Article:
The US planemaker has been trying for weeks to dispel suggestions that it made airlines pay for safety features after it emerged that an alert created to show discrepancies in Angle of Attack (AOA) readings from two sensors was optional on the 737 Max.
But only 20% of customers had purchased the optional feature, and neither Lion Air nor Ethiopian Airlines had functioning angle of attack disagree indicators on their 737 Max fleets, The New York Times reports.
The AOA alert will tell pilots if a sensor is under stress while "disagree alert" will tell whether sensors are acting contradictory to each other.
Boeing did not tell customers or the U.S. aviation regulator that an alert mechanism in the cockpit was optional on the 737 Max, rather than standard as in previous models, until after a fatal crash.
Immediately following the company's reiteration that it did not merit action in 2017, Boeing confirmed that it was brought up again in 2018 and a Safety Review Board (SRB) was convened to "consider again whether the absence of the [safety] alert from certain 737 Max flight displays presented a safety issue". A subsequent review "determined that the absence of the AOA Disagree alert did not adversely impact airplane safety or operation", according to the company.
While it didn't know about the issue until after the Indonesian Lion Air crash, the FAA said that when it did find out, it had "determined the issue to be "low risk", and decided that it would be sufficient to fix the issue in the next software update.
Airlines around the world grounded their 737 Max planes in March this year after the Ethiopian Airlines disaster, in which 157 people died.
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Boeing's latest disclosure raises new questions about the 737 Max's development and testing - and the company's lack of transparency.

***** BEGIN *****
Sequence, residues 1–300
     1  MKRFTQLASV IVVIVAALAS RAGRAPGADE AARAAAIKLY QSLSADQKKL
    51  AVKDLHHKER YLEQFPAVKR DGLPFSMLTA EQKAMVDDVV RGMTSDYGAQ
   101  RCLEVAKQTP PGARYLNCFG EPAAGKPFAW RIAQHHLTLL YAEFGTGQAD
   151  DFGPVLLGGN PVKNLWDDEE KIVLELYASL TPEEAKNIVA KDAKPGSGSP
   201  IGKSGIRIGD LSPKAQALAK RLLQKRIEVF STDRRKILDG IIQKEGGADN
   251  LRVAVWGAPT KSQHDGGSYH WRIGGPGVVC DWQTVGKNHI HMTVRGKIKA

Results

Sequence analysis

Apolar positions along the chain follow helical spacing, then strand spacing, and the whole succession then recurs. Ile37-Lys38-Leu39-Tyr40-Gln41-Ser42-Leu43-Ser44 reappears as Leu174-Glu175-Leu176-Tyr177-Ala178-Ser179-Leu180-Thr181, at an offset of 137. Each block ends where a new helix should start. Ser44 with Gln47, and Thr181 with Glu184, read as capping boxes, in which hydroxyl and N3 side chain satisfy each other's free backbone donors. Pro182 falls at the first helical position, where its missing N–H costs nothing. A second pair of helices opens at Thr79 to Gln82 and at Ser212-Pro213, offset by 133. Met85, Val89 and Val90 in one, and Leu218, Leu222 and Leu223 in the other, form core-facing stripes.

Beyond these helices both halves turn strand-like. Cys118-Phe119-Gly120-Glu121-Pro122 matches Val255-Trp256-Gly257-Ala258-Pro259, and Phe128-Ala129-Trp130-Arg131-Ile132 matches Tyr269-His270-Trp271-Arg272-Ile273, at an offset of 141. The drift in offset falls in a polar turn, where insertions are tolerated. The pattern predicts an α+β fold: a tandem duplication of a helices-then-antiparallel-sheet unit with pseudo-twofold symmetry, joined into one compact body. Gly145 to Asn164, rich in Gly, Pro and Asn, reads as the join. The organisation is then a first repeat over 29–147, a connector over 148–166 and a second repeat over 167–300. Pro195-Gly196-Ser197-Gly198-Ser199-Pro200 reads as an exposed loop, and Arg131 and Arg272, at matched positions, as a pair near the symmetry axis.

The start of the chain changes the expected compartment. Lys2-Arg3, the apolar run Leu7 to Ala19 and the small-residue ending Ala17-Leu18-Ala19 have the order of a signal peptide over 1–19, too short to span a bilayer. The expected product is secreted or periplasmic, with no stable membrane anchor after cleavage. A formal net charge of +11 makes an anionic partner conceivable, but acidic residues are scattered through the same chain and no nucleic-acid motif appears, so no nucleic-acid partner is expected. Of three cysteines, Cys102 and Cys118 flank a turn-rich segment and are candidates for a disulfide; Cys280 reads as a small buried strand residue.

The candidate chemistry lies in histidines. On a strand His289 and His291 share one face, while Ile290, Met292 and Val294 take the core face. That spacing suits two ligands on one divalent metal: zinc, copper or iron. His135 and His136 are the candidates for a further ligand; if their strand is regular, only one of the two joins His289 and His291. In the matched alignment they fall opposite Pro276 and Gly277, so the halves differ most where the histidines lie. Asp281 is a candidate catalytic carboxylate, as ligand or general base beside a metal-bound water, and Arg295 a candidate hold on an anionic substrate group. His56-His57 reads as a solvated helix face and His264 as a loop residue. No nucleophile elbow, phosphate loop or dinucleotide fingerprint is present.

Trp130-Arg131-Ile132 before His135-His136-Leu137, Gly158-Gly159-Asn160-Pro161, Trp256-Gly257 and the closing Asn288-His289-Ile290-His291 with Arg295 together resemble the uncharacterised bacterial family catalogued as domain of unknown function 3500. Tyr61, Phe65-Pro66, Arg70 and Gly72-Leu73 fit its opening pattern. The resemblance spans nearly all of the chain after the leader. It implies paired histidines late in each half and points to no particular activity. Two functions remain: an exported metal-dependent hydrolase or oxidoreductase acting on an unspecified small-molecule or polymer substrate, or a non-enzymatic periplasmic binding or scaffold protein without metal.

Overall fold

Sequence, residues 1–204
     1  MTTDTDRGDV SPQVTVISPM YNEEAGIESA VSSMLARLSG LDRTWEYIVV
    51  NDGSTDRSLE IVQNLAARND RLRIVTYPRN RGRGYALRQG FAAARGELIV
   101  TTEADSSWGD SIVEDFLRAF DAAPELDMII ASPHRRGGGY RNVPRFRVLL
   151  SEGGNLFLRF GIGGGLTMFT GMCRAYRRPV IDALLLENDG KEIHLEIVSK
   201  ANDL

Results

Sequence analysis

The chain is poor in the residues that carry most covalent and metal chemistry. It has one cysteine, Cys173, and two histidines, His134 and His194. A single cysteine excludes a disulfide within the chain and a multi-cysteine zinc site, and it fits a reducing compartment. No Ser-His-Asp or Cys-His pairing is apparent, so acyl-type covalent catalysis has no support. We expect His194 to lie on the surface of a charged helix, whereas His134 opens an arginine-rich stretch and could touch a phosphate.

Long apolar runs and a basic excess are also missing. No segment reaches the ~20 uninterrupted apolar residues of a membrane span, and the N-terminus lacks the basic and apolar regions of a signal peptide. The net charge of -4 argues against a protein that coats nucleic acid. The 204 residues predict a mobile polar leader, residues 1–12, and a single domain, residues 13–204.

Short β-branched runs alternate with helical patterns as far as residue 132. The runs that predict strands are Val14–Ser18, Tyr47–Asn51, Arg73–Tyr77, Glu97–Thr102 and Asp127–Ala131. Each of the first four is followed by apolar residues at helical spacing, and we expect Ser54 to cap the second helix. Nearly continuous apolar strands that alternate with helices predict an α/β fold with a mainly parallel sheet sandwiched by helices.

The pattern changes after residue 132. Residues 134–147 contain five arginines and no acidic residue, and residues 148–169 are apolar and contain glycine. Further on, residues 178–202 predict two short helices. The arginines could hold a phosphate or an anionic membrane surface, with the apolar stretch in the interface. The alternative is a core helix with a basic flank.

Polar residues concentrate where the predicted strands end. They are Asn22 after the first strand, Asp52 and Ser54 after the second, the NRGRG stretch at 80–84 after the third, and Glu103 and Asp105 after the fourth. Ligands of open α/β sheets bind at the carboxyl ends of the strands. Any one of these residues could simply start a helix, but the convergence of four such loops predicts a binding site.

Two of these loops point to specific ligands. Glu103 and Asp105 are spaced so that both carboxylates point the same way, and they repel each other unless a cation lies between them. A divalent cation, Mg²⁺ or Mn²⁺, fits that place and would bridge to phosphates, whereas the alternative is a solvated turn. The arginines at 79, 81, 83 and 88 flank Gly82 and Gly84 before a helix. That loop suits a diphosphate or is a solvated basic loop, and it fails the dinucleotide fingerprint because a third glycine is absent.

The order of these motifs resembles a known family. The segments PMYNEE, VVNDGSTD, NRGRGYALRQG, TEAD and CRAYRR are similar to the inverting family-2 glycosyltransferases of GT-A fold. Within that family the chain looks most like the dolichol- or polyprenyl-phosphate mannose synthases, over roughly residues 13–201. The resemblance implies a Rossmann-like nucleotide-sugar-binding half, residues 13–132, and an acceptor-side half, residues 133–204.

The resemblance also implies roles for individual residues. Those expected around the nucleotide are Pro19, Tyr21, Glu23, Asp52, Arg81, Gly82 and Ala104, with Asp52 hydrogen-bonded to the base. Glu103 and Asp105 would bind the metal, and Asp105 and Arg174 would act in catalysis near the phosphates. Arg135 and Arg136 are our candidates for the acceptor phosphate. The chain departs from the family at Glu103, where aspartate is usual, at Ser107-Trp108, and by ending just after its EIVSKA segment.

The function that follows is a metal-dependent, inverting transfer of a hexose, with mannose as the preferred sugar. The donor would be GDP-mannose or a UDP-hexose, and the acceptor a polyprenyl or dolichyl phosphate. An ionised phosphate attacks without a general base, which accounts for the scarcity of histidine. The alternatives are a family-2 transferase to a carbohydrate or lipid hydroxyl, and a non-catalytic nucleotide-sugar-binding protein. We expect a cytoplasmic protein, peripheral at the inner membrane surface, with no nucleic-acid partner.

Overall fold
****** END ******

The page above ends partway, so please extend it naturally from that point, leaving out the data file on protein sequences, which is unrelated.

In both flights, for example, investigators found that faulty "angle of attack" sensors activated software that forced the planes into nosedives.
The FAA statement then adds: "However, Boeing's timely or earlier communication with the operators would have have helped to reduce or eliminate possible confusion". "Until after Lion Air, our manuals said that worked", Weaks said.
Boeing blamed the error on software provided to the company by an outside source, though did not give further details. Boeing went on to reiterate that when it made the discovery of the faulty software in 2017, it did not warrant any recall after a thorough review.
Disagree alerts would notify pilots whether a sensor is malfunctioning or not.
Senior FAA and airline officials increasingly are raising questions about how transparent the Chicago aerospace giant has been regarding problems with the cockpit warnings, according to people familiar with their thinking.
Boeing also did not flight test what would happen to the MCAS system if the single AOA sensor failed, CNN previously reported. Engineers initially believed the alert was standard in all 737 Max aircraft.
The 737 Max has been grounded around the world for nearly eight weeks.